Shared equity schemes are an increasingly popular option for first home buyers, but what are they and how do they work?
Young and first time buyers face plenty of hurdles when it comes to entering the property market. It’s easy to see why when you consider the increasing inflation and interest rates alongside a national median dwelling price of $896,000.
One solution getting buyers into their homes sooner is shared equity - an arrangement that sees the government or a similar party buy a stake in your home.
Here’s everything you need to know about shared equity schemes, including how they work and their pros and cons.
Shared equity schemes (arrangements) are when a party - like the government or a non-profit - buys a portion of a home while you own the rest.
The government buys a ‘share’ in your home in the form of a downpayment, helping reduce upfront costs and making home ownership easier. Buyers take out a mortgage to cover the remaining costs.
The government will take its share, including any profits, when you sell your home. Most shared equity schemes have an option to buy back equity over time. So if the government owns 30% of your home, you can buy this back at current market value gradually.
Shared equity schemes bridge the gap between your budget and the cost of a property.
They can be a helpful hand-up for home owners seeking to enter the property market by lowering upfront costs.
Imagine you enter a shared equity arrangement for of a $600,000 property and your equity investor contributes $120,000 as a 30% downpayment.
With a shared equity option, your monthly repayments (on a 30-year $480,000 loan at 5.6%) are $2,756. Whereas, without the equity option your repayments would be $3,444 - about $172 extra a week.
Buying with shared equity effectively boosts your buying power which might help you buy a home in a more desirable (and often expensive) location.
One key disadvantage is sharing your home with another party.
While this isn’t likely to impact your daily living, it is a big consideration if you decide to sell your home. If a portion of your home is owned by another party, you’ll need to pay their share, including any profits.
If you are entering shared equity via a government scheme, you will be subject to criteria like income limits.
Also, only a few lenders offer shared equity options. Thankfully, a UNO broker can help you compare deals from over 20 lenders to find the right option for you.
Shared equity can help you buy a property sooner by reducing the amount of deposit required and ongoing mortgage repayments.
It is important to consider the long-term implications, though. These might include sharing in your property’s profits and your personal plans. As with any financial decision, it is important to seek personal advice from a professional.
Labor’s proposed Help to Buy scheme is a shared equity arrangement where the government will co-purchase 30 to 40% of a home with eligible buyers. The proposed scheme will have 10,000 places annually for eligible buyers who require a deposit as low as 2%.
Announced in 2022 as a part of the federal election campaign, the scheme is yet to be introduced.
Participants must earn less than $90,000 for individuals or $120,000 as a couple. They cannot currently own a home but don’t have to be first home buyers.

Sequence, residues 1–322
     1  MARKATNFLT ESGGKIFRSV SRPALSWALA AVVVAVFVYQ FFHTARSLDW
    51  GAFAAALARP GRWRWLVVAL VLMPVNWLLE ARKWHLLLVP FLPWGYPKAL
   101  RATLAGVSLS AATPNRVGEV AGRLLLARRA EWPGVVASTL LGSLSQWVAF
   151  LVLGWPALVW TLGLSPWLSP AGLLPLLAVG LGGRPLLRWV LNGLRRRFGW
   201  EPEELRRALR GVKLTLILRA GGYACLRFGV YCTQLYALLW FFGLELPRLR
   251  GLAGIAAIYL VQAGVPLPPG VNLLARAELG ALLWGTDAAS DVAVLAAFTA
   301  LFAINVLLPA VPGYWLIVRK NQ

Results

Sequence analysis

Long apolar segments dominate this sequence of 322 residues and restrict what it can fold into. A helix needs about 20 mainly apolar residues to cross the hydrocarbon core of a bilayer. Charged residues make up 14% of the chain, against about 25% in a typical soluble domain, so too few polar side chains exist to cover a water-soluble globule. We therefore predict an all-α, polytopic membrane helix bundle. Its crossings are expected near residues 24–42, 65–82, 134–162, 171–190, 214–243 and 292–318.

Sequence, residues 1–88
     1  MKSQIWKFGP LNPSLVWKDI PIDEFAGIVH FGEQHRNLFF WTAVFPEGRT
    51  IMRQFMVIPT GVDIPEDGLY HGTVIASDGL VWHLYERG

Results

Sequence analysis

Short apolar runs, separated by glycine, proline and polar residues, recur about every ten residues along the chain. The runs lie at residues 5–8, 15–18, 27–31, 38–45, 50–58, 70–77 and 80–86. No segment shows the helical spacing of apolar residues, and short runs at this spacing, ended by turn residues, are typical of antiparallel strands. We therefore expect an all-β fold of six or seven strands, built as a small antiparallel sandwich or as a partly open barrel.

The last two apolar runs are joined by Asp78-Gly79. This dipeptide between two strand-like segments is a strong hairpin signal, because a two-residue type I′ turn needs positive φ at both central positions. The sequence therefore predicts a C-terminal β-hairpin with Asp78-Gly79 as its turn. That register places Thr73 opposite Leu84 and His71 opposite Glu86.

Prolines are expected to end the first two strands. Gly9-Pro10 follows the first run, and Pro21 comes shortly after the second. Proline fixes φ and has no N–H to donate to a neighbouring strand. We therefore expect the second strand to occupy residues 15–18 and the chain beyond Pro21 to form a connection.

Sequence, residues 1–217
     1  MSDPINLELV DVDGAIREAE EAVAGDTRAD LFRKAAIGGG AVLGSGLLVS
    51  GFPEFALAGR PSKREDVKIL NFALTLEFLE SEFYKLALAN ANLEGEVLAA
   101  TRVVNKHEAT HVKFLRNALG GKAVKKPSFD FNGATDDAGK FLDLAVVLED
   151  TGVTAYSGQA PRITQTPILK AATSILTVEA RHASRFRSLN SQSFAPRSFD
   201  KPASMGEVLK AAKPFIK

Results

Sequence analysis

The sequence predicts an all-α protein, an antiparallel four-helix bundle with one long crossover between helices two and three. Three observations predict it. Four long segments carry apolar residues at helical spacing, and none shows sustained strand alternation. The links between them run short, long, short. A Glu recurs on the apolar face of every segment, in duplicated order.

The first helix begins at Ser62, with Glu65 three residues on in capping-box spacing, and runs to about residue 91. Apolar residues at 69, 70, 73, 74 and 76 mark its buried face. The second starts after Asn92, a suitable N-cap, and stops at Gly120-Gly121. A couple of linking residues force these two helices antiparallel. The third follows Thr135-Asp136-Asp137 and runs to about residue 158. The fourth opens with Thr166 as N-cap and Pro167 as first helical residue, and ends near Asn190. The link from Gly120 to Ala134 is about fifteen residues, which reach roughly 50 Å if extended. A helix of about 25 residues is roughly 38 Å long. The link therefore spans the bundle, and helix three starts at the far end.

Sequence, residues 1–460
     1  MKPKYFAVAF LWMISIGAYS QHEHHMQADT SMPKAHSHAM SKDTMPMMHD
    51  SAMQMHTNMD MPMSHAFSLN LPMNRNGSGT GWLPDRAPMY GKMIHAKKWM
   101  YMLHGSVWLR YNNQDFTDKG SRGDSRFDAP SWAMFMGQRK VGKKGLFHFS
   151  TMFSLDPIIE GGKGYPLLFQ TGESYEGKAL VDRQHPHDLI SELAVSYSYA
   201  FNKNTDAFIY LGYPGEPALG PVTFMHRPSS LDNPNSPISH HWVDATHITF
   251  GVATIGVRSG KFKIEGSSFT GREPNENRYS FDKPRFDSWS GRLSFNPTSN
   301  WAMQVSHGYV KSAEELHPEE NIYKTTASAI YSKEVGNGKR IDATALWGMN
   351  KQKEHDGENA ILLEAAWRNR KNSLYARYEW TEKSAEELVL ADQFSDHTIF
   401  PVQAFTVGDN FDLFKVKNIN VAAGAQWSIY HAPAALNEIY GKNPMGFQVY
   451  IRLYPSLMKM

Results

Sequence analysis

Help to Buy is similar to existing state equity schemes like Victoria’s Homebuyer Fund.
Talk to a mortgage broker about your options, including your eligibility for shared equity and any other support that might be available to you. A UNO broker can help you navigate the process of a applying for shared equity.
In addition to proposed federal shared equity, state governments administer their own schemes for first home buyers.
In this program, the New South Wales government invests a fraction of a homeowner's property value in return for a stake in their real estate.
Qualified individuals encompass single parents, individuals over 50 years old, and specific public servants such as nurses and educators. A minimum deposit of 2% is mandatory.
There are no rent or interest charges associated with the government's ownership share of the property. However, they will share in the profits when the property is sold.
You have the option to make voluntary payments to gradually repurchase your share of the property over time.
In Victoria, the state government will contribute up to 25% of a property's value provided you can show a 5% deposit of genuine savings.
Eligible buyers need to earn less than $130,000 for individuals or less than $208,000 for couples. No interest is payable on the government’s share of the property and buyers can buy back equity over time.
In South Australia, shared equity options of 5-25% are accessible through State Government lender HomeStart.
There is a co-contribution cap of $200,000 and HomeStart will take a share of profits if you sell your house without paying back the shared equity loan. UNO works with HomeStart and over 20 other lenders. Talk to a UNO broker about shared equity options today.
You can learn more about HomeStart here.
State-backed lender KeyStart assist buyers in WA enter the market with shared equity loans of up to 30%.
The Shared Ownership Home Loan requires a deposit as little as 2% and no Lender’s Mortgage Insurance (LMI). The Western Australian Housing Authroity will own a co-share of up to 30% of the property’s value. Criteria apply including income limits of $70,000 for singles and $90,000 for couples/families. There are also special criteria for groups, including Aboriginal and Torres Strait Islander Peoples and single parents.
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